Thursday, 8 November 2012

‘Maxfield’s Star,’ by David Knowles

image‘Maxfield’s Star’ by David Knowles, 40” x 40” (Buy it here)

David Knowles is a leading Contemporary Romantic Realist Artist who paints the bright, intense light of New Zealand.

When this delightful piece was chosen for the Inspirationz catalogue, it was rechristened “Imagination.” It’s that I can see here, a child finding that spark, that idea that, will challenge them and set their course for a lifetime.

No wonder it can make even hardened pedagogues cry.

Our twilight?

“No society ever thrived because it had a large and
growing class of parasites living off those who produce.”
- Thomas Sowell

American commentators have been talking all morning about the reasons for Obama’s electoral success. It all comes down, most say, to his amazing ability to attract African-American voters, Asian-American voters, Latino voters …. In other words, it’s all about race.

This is nauseating. 

Allow me to quote further from Michael Hurd, from whom I quoted yesterday:

The primary issue is not race. It’s outlook. You have basically two types of people, when considered in the context of electoral politics. One wants to do, and wants to be left alone to do it. The other wants to get, not in the traditional American sense of pursuing happiness...but to have goodies to which one is entitled, and provided for by others.
    Since the welfare/entitlement state began in earnest, back in the 1930s, the trend has been consistent and steady… Before Obama [however], presidential elections were [still] usually decided by the state of the economy. This is because most people, before Obama, wanted a thriving economy above all else.
    Things have changed.
    The fact that Obama—an open redistributer of wealth—won the first time was an indication that perhaps something had changed in American society…
    The electorate of America now cares more about being cared for than about having the freedom to care for themselves.
    This is so not the America of 1776. There are still good and great people to be found in this society, and some of them will perhaps still manage to flourish, unless liberty perishes altogether and some kind of a dictatorship takes hold in coming decades. (It certainly can, on our current course, especially with continued debt, deficits and economic decline.)
    One thing is for sure. Those of us who yearn to think, live self-responsibly and independently must share a society with a plurality of people who would rather force others to take care of them…
    It’s not an “economic system” that most Americans feel is stacked against them. It’s reality. They want a shield from reality, and they think that politicians can provide it for them…
    I often wonder what's next for this country. Now we know. Half the country is in some form committed to freedom and individual rights, and half committed to the "freedom" to have what they want, actually or potentially provided by others. It seems to me like this is a recipe if not for a civil war, for a steady disintegration of the society and political system we have up until now taken for granted. How much longer can we take it all for granted?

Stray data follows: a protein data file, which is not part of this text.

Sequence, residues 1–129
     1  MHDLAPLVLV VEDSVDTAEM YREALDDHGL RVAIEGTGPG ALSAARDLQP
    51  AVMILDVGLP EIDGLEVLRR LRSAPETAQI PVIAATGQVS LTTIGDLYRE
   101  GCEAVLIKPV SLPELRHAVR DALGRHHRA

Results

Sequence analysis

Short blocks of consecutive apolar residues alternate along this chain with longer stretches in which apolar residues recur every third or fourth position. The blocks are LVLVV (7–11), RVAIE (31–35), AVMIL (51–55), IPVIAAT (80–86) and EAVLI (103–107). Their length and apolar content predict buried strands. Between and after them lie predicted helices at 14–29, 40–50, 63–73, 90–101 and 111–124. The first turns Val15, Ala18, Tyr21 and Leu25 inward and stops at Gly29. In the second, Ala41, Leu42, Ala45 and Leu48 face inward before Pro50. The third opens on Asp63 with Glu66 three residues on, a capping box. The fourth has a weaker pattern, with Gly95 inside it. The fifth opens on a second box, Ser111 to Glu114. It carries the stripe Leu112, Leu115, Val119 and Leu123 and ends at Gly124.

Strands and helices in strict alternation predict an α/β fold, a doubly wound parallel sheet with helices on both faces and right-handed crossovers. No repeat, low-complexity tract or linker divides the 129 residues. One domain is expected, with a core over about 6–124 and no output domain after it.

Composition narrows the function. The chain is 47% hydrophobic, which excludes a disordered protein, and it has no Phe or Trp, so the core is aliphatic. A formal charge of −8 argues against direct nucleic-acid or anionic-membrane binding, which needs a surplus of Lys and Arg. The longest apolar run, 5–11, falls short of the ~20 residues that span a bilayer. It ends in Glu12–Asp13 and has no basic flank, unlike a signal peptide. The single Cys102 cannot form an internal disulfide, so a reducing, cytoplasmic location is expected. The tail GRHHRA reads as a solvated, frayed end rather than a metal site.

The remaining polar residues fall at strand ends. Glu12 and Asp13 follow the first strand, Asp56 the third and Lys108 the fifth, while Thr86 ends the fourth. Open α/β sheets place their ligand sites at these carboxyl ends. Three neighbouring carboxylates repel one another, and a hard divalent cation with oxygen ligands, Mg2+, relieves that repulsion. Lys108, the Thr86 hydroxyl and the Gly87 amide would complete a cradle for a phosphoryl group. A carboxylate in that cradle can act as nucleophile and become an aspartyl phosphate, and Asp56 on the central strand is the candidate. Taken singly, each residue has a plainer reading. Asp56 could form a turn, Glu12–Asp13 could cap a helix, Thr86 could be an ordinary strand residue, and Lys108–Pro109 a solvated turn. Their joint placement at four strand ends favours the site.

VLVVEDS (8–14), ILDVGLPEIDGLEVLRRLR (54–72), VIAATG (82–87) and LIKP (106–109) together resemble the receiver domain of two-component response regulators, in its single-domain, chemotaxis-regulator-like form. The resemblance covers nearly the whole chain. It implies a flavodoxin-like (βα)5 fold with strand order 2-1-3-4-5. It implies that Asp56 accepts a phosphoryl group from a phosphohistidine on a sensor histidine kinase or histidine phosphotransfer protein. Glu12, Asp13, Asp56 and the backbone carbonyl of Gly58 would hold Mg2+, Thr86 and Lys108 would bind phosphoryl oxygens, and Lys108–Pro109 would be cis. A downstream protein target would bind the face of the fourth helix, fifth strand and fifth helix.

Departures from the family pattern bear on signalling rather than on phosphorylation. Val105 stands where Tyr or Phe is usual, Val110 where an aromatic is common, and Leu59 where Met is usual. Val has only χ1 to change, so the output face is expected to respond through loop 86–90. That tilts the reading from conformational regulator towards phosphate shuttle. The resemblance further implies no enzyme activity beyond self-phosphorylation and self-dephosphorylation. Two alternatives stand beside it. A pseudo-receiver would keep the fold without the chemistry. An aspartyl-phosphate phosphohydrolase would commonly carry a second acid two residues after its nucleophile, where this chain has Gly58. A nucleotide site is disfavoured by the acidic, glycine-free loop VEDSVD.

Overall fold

Obama has won, and it's twilight in America.
    It's not twilight in America because Obama won. Obama won because it was, sadly, already twilight in America.

I read that again this morning and began to wonder: when did it become twilight here in NZ?

New Zealand never had the heroes of freedom America had. New Zealand was never the America of 1776, or anything anywhere like that. But values like independence, self-reliance, productivity have always been prized. Mooching, especially in small-town NZ, was sternly discouraged.

Until recently.

Mooching is now a local pastime.  A valid lifestyle choice. Nothing to be embarrassed about.

When did that change?

If the 2012 US election was the time when the American twilight became most obvious, then perhaps here at home it was the 2005 ‘lolly-scramble’ election, when Michael Cullen and Helen Clark offered the middle class the opportunity—via Working for Families and Interest-Free Student Loans—which at the time John Key referred to as “socialism by stealth”—to become welfare beneficiaries.

This was an out-and-out election bribe, the election when the bung was taken well-and-truly out of the pork barrel, and the middle class all but took their arm off. So much so, it’s now apparently electorally unacceptable to get rid of either.  Three-quarters of New Zealand families are now on the mooch,and they’ll never be voting again to become self-responsible.

It seems to me now in retrospect that was the milestone election here in NZ; our twilight.

Your thoughts?

Wednesday, 7 November 2012


“It's not twilight in America because Obama won. Obama
won because it was, sadly, already twilight in America… The
electorate of America now cares more about being cared for
than about having the freedom to care for themselves.”

            - Michael Hurd, “It's Twilight in America

UPDATE: Dians Hsieh posts the contrarian view:

“Don’t despair that so many Americans voted for Obama. Many of them voted for him because of the issues on which he’s right (or better), such as abortion rights, gay marriage, and immigration. So how about insisting on changes for the better in the GOP, rather than cursing people for not wanting to live in an insular, homophobic, repressive theocracy?”

What do people do all day?